President Bill Clinton's historic visit to six sub-Saharan countries to highlight a new U.S. partnership with Africa comes at a time when Washington is experiencing something of an "Africa craze." The level of attention and activity focused on Africa policy, African problems and Africa programs is as great as it ever has been. There is no shortage of committees, conferences, seminars, panels, task forces and study groups devoted to talking about the greater good and development of Africa. The question is whether all this new and popular interest will give birth to deeds.
So far, the partnership has been characterized, on the one hand, by clumsy U.S. overtures to give Africa what Washington thinks it needs and, on the other, unreal African expectations of what they should receive. For all the flowery, feel-good discourse on Africa's importance to the United States, U.S. engagement with the continent remains fixed on a few big-money industries like petroleum and mining.
Part of the problem is that a changing African political landscape has not been accompanied by a changing U.S. policy toward Africa. Actual foreign assistance to sub-Saharan Africa is lower now than at any time since the end of the Cold War--$700 million distributed among 48 countries. Much of this aid provides support for nascent democracies and fledgling civic institutions. The United States also has contributed to the Organization of African Unity's conflict-resolution program and to regional peacekeeping efforts in West Africa, but most of the financial burden is borne by Africans themselves, notably Nigeria and, to a lesser extent, Ghana.
During his trip, the president has pledged aid for schools in Uganda, housing efforts in South Africa and other development, education and humanitarian projects in Africa. But compared with the $925 million that Clinton wants to give to the New Independent States (NIS) of the former Soviet Union and the nearly $600 million targeted for Indonesia, despite its unwillingness to comply with the bailout terms of the International Monetary Fund, Africa remains at the bottom of the foreign-aid list.
One reason why few people are critical of this disparity is that the administration has successfully shifted the debate from aid to trade. The fact remains, however, that the steady decline in foreign assistance to Africa has occurred on Clinton's watch, and that one of history's worst cases of genocide unfolded in Rwanda while the administration openly stood and debated on the sidelines whether it was in the U.S. interest to intervene.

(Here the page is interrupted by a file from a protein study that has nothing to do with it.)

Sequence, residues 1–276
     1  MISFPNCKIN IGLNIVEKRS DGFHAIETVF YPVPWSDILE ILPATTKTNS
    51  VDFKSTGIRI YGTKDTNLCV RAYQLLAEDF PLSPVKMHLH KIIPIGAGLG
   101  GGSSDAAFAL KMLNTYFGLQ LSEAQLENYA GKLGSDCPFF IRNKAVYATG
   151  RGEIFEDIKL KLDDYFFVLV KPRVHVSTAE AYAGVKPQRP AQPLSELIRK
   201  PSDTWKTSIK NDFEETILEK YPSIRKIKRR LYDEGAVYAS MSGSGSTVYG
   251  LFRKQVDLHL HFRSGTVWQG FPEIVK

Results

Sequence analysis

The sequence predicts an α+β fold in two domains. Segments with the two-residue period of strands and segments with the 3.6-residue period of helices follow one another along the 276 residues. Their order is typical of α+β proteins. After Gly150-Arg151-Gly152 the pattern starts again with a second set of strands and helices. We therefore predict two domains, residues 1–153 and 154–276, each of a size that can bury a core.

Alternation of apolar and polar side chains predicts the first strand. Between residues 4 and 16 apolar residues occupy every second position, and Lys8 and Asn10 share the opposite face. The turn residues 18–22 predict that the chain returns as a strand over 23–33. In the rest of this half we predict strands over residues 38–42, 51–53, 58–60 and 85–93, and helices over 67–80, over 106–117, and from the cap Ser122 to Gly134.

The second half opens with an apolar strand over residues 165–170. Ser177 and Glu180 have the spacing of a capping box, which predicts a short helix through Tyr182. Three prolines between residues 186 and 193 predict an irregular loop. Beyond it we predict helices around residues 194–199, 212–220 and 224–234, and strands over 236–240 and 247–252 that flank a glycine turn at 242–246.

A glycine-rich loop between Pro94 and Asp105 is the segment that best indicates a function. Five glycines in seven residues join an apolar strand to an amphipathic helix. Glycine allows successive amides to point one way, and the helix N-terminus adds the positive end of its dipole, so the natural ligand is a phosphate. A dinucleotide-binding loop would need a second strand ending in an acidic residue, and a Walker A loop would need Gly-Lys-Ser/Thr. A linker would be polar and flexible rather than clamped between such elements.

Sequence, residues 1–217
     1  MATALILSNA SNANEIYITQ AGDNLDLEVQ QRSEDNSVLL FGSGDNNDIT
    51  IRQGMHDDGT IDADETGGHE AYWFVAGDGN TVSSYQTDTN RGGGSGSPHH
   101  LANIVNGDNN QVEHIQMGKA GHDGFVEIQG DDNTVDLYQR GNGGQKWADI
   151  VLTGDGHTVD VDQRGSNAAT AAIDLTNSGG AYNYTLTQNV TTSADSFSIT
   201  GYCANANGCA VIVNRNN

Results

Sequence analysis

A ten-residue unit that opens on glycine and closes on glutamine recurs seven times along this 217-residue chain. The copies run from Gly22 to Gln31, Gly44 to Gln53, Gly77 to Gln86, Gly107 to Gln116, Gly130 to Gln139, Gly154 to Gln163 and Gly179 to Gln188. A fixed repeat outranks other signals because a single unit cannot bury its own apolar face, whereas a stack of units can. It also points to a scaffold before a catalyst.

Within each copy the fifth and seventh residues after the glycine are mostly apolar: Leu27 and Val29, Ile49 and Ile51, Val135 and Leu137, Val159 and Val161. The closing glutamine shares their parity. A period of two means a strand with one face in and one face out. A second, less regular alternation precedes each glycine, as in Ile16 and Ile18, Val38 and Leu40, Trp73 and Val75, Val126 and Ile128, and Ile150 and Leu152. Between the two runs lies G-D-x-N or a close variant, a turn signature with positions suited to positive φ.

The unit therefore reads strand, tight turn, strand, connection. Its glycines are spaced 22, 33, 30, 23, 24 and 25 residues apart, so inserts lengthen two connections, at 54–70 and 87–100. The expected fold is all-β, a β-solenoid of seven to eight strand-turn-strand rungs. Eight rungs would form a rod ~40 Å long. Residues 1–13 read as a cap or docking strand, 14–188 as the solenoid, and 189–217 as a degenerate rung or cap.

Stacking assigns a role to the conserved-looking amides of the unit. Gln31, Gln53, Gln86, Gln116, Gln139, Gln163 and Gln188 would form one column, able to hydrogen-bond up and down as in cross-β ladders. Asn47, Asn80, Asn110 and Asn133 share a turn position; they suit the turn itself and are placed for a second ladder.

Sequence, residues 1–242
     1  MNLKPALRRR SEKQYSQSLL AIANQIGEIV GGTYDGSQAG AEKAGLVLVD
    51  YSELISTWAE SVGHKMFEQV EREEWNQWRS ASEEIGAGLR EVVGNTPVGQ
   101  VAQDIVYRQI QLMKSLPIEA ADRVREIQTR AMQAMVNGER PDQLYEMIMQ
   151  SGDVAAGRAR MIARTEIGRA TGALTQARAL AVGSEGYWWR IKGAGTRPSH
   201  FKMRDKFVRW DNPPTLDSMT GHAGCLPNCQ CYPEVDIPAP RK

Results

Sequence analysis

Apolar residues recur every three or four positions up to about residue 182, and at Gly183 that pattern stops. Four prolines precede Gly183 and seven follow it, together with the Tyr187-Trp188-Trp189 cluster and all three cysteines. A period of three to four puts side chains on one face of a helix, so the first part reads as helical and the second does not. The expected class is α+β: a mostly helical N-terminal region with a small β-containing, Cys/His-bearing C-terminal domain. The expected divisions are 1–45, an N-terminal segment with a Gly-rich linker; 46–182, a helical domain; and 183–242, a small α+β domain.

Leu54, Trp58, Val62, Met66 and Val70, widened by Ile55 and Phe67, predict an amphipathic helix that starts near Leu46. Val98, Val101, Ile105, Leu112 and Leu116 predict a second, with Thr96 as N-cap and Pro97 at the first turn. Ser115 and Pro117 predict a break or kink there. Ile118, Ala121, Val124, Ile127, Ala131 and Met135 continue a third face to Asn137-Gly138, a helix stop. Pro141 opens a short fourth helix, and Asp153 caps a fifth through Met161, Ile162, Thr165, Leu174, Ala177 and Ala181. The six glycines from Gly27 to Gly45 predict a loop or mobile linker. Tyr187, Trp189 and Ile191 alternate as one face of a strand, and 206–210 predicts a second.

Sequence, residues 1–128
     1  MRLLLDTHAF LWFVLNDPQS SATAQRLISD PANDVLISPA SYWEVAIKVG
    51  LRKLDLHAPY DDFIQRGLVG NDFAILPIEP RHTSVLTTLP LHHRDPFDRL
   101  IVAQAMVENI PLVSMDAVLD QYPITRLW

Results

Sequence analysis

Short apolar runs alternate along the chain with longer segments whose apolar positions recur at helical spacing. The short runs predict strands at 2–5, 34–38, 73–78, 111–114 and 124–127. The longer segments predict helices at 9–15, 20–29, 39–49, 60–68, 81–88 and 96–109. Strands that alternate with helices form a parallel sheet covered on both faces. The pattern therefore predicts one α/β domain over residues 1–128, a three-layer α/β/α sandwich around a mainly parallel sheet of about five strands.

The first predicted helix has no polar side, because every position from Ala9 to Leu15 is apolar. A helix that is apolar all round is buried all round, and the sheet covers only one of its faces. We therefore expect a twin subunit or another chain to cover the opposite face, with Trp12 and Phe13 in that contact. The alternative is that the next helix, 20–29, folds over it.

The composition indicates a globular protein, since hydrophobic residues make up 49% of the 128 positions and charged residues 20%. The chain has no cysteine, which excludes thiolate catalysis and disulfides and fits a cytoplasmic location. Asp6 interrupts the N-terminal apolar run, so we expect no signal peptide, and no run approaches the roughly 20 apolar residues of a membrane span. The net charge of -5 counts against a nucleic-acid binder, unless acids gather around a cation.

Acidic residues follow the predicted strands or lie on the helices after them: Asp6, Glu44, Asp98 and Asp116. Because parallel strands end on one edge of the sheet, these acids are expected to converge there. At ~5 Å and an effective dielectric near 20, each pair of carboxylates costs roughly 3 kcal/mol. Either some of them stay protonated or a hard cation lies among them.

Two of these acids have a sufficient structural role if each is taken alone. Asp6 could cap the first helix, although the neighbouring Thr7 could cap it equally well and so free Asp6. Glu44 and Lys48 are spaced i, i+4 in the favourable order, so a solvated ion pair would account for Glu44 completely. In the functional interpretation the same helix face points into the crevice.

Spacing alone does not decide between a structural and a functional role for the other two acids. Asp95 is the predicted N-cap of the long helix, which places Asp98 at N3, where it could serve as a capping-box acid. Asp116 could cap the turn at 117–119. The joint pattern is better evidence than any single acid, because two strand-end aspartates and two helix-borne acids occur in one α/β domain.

U.S. Africa policy has been more apt to score symbolic successes. Top-ranking administration officials, among them Secretaries of State Warren Christopher and Madeleine K. Albright, Hillary Rodham Clinton and daughter Chelsea, have made highly publicized trips to sub-Saharan Africa. These excursions have established a measure of goodwill. But Africans are both curious and anxious about what appears to be an irresolute foray by the United States into Africa. They wonder why it has taken so long, yet they remain expectant, optimistic and welcoming.
Most notably, there are high expectations surrounding the African Growth and Opportunity Act, legislation that promotes private U.S. trade with and investment in Africa and allows quota and duty-free imports from 48 African countries. While the legislation is not a panacea for every African problem, it addresses one of the continent's paramount problems: economic development. The president is a strong supporter of the bill and if it passes Congress, he will sign the legislation.
The time is propitious. Democratic reform, multiparty elections and real economic growth are occurring throughout the continent. Many African economies are privatizing; international investment is being courted.
Against this hopeful backdrop, however, long-standing problems continue to impede African progress. Internecine conflicts rooted in tribal power struggles continue. Military regimes defy Western pressures and timetables to democratize. Single-party, big-man governments are far from extinct in Africa.
In the past, U.S. policy-makers have failed to understand or appreciate the African perspective. African societies are every bit as complex and multifaceted as U.S. society because of linguistic, tribal, ethnic, regional, religious and colonial influences. It will take a long and sustained effort to forge a meaningful and enduring U.S.-Africa partnership.
Yet, the president's visit is an important step toward creating one. It fulfills a promise Clinton made several years ago, and it comes at a time when Africa is a de rigeur destination for a world leader. But a visit, no matter how grand or successful, can only go so far. Beyond its symbolic significance, the president's visit should result in several bilateral agreements on trade and regional cooperation and a conclusive statement on African debt relief. It should open the floodgates of U.S. investment and exchange and create a spirit of outreach. If it fails to do so, then the historic trip is likely to be viewed cynically as Clinton's respite from independent counsel Kenneth W. Starr and his prying grand-jury investigations. For the president and for Africa, that would be an unfortunate conclusion to an otherwise successful trip.